Currently, Context is focused on three key trends emerging in agribusiness – trends that have the potential to have significant influence on the way business is conducted.
In the near-term, we see a trend toward consolidation as firms reposition in a difficult market environment. At the same time, they are preparing for medium-term increased specialization, as consumers demand clear provenance for what they eat. Finally, in the long run, firms must support sustainable efficiency as a growing populations of increasingly prosperous people gobble up the slack in today’s agriculture.
Firms and investors who participate in these trends will, we believe, be rewarded.
1) Near-term Consolidation:
Five of the “Big Six” agriculture input companies are actively pursuing potential combinations: DuPont and Dow will merge, ChemChina plans to acquire Syngenta, and Bayer’s is pursuing Monsanto.
Large-scale consolidation creates an opportunity for emerging businesses to redefine their strategic focus and divest non-strategic assets. This results in investment opportunities as consolidating firms rationalize and refocus agribusiness assets into redefined platforms. Context helped clients navigate the last significant periods of consolidation in the seed and agrochemical industries, which occurred in the mid/late-90’s and early/mid 2000’s.
Concurrently, continued acquisition activity by the large equipment companies and other firms building technology platforms suggests investors in Agtech and Precisions Ag companies can still expect to exit through buyouts. Recent deals to note include: CNH’s 2014 acquisition of European spraying equipment manufacturer Miller-St. Nazianz, and Deere’s acquisition of high-clearance sprayer manufacturer Hagie Manufacturing. Deere continues to bundle technology with its equipment, as illustrated by its 2015 agreement to purchase Precision Planting from The Climate Corporation, and its 2016 purchase of Monosem, the European market leader in precision planters.
2) Mid-term Increased Specialization:
Consumer demand for organic, nut-free, “natural”, non-GMO, and sustainably-sourced products will promote increased specialization of the food products. Meanwhile, information technology progress allows tracking and separation of products on a scale never before plausible in the food value chain. We expect these trends to profoundly alter the food value chain over the next decade.
Strategic shifts among intermediaries, ADM, Bunge, Cargill and Dreyfus highlight the trend. ADM’s 2014 purchase of Wild Flavors and Cargill’s June 2016 acquisition of Five Star Custom Foods moved both firms toward specialty ingredients.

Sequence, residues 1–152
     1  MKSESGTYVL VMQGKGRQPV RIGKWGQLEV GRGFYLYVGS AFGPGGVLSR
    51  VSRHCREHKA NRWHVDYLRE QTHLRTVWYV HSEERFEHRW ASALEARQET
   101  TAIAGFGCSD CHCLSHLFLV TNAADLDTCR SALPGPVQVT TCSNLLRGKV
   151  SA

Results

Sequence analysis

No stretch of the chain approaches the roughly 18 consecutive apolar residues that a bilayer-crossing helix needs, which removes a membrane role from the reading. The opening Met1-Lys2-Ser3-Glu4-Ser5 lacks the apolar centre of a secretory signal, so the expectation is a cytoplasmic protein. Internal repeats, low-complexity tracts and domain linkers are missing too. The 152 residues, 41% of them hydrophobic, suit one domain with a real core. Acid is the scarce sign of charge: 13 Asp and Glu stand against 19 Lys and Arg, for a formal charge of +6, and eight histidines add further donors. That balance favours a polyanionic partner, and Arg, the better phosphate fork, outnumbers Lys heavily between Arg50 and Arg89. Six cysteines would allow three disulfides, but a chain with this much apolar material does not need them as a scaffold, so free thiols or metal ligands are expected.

Beyond these headline deals, food companies are developing more robust direct sourcing models through emerging ag tech. Some are working with new specialty intermediaries to source organic, non-GMO, specialty grains, and crops with special attributes such as higher oil content. These changes to the agriculture and food supply chain create opportunities to invest in the development and growth of new products and business models. Context also recognizes how this trend converges with the need to identify strategies and pragmatic metrics geared toward measurable sustainability outcomes.
3) Long-term Sustainable Efficiency:
In the long run, growing populations and increased prosperity will drive the need for more food produced more sustainably and efficiently. In what we expect to be a continuing trend, Context clients from both private sector companies and non-governmental organizations (NGOs) are increasingly seeking our help to understand the potential impact of agriculture investments on metrics such as small-holder farmer income, carbon footprint, and other conservation based outcomes.
The focus on African development is increasing. Much of the two billion population increase anticipated by 2050 will be in sub-Saharan Africa and Southeast Asia, where opportunities to advance agriculture are extraordinary. Intermediaries are working to formalize markets and improved connectivity in Africa and Asia between farmers and consumers, underscoring long-term opportunities. With development needs for by so multi-faceted, public-private partnerships prevail as a preferred approach to create both successful financial returns and lasting positive social impact.
Agribusiness presents attractive investment opportunities for investors who understand and capitalize on underlying trends. Over the next three years, the consolidation of agriculture input companies is likely to create attractive opportunities. Over the next ten years, we believe companies, products and technologies supporting the increased specialization of the food value chain, driven by changing consumer demand, are well positioned. Investments in technologies and public/private partnerships which address key resource constraints, social impact, etc., provide investment opportunities aligned with powerful long-term demographic trends.
Over the next ten years, we believe companies, products, and technologies supporting the increased specialization of the food value chain, driven by changing consumer demand, are well positioned. Investments in technologies and public/private partnerships which address key resource constraints, social impact, etc., provide investment opportunities aligned with powerful long-term demographic trends.
Global perspective and intimate understanding of the key drivers influencing agriculture businesses is at our core. For additional support in advancing your company’s goals, partnering with those who can advise effectively can make the world of difference, Context’s proven track record of optimizing opportunities speaks volumes. Contact us today to help anticipate, develop and deploy confident actions to advance your company’s future.
Contact Paul Watson: email@example.com.